This past weekend I had the opportunity to test over one hundred baseball athletes in the pro-agility (5-10-5 shuttle), the vertical jump and the broad jump. Something popped out at me, which is something that I have already known, but has not been top of mind. It is information that I believe any young athletes, specifically pitchers need to hear.
It doesn’t take a hard look to find that outfielders and middle infielders run and jump better than pitchers. When you think of a pitcher you think of someone that has a whippy arm and throws the ball really hard. You typically think of tall and lengthy. Not much else. When I asked multiple pitchers this weekend what additional sports or positions, they played, the most common answer was, “nothing, I just pitch.” I think we can use this story to shed some light on what type of training could be beneficial for pitchers.
First off, you never want to take away something from an athlete that makes them very good at what they do. For example, you never want to take away from the whippiness of a pitcher’s arm. This is something that they have created over the years to help them throw the bar really hard. How I look at it is, what do they not have, and if I can give them some of what they don’t have, will it not take away from what they already have that makes them good?
The most high school athletes that I have worked with have been baseball players and the majority of them have been pitchers. Across the board pitchers don’t jump very well. In general, they don’t produce force very well. In my opinion, they have relied very heavily on their arm to get them to where they are at, and this is evident by their lack of jumping ability.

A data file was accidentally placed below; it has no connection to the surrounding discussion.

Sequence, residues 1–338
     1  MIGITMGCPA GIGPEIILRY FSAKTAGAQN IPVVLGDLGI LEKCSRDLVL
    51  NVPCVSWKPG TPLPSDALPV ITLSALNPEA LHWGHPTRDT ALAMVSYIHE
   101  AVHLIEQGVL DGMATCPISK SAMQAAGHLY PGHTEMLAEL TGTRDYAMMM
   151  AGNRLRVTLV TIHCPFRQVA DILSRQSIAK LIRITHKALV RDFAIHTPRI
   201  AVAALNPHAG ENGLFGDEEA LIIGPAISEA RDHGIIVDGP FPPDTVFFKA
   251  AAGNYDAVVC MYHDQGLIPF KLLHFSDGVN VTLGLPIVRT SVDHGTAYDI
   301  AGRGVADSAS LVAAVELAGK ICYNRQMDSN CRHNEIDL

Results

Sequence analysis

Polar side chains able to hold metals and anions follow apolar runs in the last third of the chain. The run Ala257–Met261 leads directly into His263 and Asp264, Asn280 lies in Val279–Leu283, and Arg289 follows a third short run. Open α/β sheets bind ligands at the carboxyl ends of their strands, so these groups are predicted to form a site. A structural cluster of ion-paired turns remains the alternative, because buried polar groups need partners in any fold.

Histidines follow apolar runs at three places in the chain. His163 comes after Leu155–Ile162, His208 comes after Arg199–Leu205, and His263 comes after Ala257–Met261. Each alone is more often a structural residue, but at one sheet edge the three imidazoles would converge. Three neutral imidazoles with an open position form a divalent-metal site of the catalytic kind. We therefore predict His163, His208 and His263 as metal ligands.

Going back to my question above, I believe that if you can get pitchers stronger and more powerful through their legs you can help them quite a bit. I think if you can get their legs stronger and more powerful and are still able to keep their relative motion that they use to create a lot of arm whip you can help them in multiple ways. One being, increasing their velocity. In theory, I believe if a pitcher has relied on creating a lot of velocity through the arm, but lack leg strength and power, you can add to that velocity by getting their legs stronger and more powerful, all else being equal. I also think you can save them a lot of stress that is placed on the arm. If they rely so heavy on the arm that will be the place that is receiving all the stress from throwing an object at super high velocities. Again, if you can get their legs stronger and more powerful, I think you can save them some stress placed on the arm and elbow by allowing the legs to receive some of that force and deceleration involved in throwing at high velocities.
This is really all theoretical, but I think it plays out. I have worked with a lot of pitchers and have seen first-hand their velocity increase in just months of a solid training program. You will always be able to find outliers who you can find that this doesn’t apply, but to most athletes out there that are trying to get just a bit better to get a college scholarship, I think you may want to take this into account if you haven’t already. I think there needs to be a revolution in baseball where pitchers start to train like real athletes because that’s what they are. I think you may find pleasing results.